History of the Peugeot 205 GTi – picture special

Other potent Peugeot 205s which gained brownie points among petrolheads included the underrated 205 XS built from 1986 to 1992 and the rare ultra-lightweight 205 Rallye. With almost all luxury items and soundproofing stripped and only the bare essential electrics left, the Rallye’s kerb weight was down to 795kg, with a 1.4-litre 75bhp engine propelling the car to 60mph in 11.3sec.

In 1992, Peugeot UK revealed a special limited edition of the 205 GTi – badged the 1FM – to celebrate BBC Radio 1’s 25th birthday. Only available in black with bespoke ‘Radio1FM’ badging and decals, grey alloy wheels and individual brass-plate numbering marking the build number, only 25 examples were made. 

When production finally ground to a halt, Peugeot had sold 5.2 million examples of the 205. The 106 GTI and 306 GTI would go on to find a new generation of fans, but critics agreed that neither could replace the 205 GTI as the best hot hatch to wear a Peugeot badge. The 306 GTI-6, released in 1996, came close with the combination of 167bhp 2.0-litre engine and close-ratio six-speed gearbox. The 306 Rallye that followed it shaved 52kg from its kerb weight, though was limited to just 500 cars.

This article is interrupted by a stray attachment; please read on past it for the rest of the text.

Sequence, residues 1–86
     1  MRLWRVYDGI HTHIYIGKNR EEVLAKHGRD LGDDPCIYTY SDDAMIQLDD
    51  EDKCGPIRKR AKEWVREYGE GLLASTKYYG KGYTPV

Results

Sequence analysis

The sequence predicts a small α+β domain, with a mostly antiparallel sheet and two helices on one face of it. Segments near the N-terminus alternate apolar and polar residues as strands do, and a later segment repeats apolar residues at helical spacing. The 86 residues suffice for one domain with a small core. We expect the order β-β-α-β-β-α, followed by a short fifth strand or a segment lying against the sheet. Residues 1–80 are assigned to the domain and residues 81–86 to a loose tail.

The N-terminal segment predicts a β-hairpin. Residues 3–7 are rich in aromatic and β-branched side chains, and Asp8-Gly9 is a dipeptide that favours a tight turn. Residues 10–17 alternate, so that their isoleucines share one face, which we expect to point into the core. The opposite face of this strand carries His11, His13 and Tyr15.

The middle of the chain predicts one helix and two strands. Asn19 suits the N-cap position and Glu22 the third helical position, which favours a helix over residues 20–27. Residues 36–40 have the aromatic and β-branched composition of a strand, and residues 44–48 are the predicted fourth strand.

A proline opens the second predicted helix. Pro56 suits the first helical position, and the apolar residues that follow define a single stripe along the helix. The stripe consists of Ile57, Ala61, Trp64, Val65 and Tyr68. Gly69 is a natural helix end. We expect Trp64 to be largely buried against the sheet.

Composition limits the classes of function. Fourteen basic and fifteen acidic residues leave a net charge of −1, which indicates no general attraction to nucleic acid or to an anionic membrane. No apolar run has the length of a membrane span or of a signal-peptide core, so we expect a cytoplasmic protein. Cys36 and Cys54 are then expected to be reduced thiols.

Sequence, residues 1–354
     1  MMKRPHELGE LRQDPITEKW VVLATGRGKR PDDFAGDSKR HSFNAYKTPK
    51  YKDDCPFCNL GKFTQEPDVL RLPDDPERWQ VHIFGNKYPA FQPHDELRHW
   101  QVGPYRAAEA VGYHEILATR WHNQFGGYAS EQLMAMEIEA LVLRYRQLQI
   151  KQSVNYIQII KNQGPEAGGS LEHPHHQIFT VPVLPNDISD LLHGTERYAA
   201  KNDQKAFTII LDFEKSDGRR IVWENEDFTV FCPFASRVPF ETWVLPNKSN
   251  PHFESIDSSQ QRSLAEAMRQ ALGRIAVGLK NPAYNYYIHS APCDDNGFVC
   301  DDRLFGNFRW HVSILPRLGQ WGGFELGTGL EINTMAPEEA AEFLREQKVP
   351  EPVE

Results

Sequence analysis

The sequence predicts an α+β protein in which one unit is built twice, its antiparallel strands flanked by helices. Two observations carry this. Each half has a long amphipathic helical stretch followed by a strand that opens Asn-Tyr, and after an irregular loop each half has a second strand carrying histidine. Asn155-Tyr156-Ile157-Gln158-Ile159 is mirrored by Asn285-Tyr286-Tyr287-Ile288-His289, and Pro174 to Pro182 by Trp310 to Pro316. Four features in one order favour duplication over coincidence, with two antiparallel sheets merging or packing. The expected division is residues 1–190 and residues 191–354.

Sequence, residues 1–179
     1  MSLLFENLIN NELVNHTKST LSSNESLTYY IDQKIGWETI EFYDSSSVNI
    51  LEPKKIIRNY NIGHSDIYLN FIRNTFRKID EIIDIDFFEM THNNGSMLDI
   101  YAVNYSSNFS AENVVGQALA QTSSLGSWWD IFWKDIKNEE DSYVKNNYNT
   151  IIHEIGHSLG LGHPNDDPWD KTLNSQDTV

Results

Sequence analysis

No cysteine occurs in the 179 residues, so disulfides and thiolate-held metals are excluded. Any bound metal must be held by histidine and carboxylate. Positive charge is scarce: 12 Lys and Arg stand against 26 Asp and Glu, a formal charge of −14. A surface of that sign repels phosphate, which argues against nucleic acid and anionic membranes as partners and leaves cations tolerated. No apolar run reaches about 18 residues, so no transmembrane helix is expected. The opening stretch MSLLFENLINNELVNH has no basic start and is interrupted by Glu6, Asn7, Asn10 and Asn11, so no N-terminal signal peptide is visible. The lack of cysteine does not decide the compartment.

1998 saw the 205’s direct replacement wear GTI badges for the first time, but the 206 GTI was largely considered a disappointment on account of its lack of handling panache. The 207 GTI was better, but it wasn’t sharp enough to hold court with the Renaultsport Clios and Vauxhall Corsa VXRs that were fighting it out at the top of the class at the time.

Peugeot would celebrate 30 years of the 205 GTI in 2014 with a limited-edition version of its latest-generation supermini. The 208 GTI was unveiled at the Goodwood Festival of Speed that summer, and was limited to just 100 UK cars. It featured a 1.6-litre THP petrol engine that produced 205bhp and 221lb ft, while its Torsen differential was taken from the RCZ R sports car. Lowered suspension, widened front and rear track and larger 18-inch alloys completed the package, but what it clawed back in on-the-limit performance it lost in daily usability.

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